Proving a Fourth Amendment Police Brutality Case
If the police have illegally arrested you, you may have a right to bring a lawsuit against the Philadelphia Police Department to recover compensation for your injuries. A federal statute gives individuals the right to bring a lawsuit against the government when a member of the government violates their civil rights under the Fourth Amendment. To successfully bring a claim against the police department, you will need to approve several different elements.
Remember that a seizure is not limited to detaining someone. Any method used by law enforcement to stop someone’s movement can constitute a seizure under the Fourth Amendment. The Supreme Court held that a suspect driving a stolen car and being pursued by the police was seized after colliding with a police barricade designed to stop him. In another case, a suspected thief was shot and killed while being pursued by law enforcement. He was considered to have been “seized” for Fourth Amendment purposes.
The best way to understand whether you have a valid legal claim or not is to discuss your case with an experienced civil rights lawyer. There are several basic requirements you will need to prove to recover compensation against the Philadelphia Police Department, including:
- You will need to have suffered a seizure (this includes an arrest or detention)
- The seizure was performed by a government employee, such as a police officer
- The seizure was unreasonable under the circumstances, and
- You suffered an injury of some sort as a result of the seizure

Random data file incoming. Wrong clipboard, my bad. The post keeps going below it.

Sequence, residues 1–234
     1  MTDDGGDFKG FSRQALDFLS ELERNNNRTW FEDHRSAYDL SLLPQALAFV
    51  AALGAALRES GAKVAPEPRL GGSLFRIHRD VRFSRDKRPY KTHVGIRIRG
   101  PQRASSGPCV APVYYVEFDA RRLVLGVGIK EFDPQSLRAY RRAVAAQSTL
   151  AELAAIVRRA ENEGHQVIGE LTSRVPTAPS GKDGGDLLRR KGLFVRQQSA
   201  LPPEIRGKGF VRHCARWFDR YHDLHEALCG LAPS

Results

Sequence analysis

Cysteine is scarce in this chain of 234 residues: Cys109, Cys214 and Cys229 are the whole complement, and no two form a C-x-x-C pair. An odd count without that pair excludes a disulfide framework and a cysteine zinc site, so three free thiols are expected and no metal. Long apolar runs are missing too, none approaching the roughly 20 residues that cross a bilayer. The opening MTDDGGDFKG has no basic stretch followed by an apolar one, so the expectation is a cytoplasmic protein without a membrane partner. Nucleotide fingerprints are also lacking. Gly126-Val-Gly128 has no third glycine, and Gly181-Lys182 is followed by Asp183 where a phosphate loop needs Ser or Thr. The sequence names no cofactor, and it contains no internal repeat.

Remedies Available for a Fourth Amendment Violation
In most civil rights cases, our legal system allows victims to receive money damages for their injuries and losses. In some cases, the victim can also seek reforms. The victim can also request that the court award him or her attorney’s fees. When the court awards a victim attorney’s fees, the government agency will be required to pay the plaintiff’s attorney’s fees and costs.
Remember, civil rights lawsuits are different from criminal proceedings. A police officer who uses excessive force can face criminal charges with a penalty of jail time and fines. In addition, the victim can bring a civil lawsuit through a different process to recover compensation from the police officer and/or the Philadelphia Police Department. When the police officer acted egregiously or maliciously, the court may award additional punitive damages to punish the officer and act as a warning for other potential offenders.
Discuss Your Fourth Amendment Case With a Skilled Lawyer
Did a police officer use excessive force against you when arresting you? If so, you may have a valid Fourth Amendment claim to compensation. The best thing you can do is contact the skilled silver rights lawyers at Abramson & Denenberg, P.C., today to schedule a free initial consultation to discuss your case.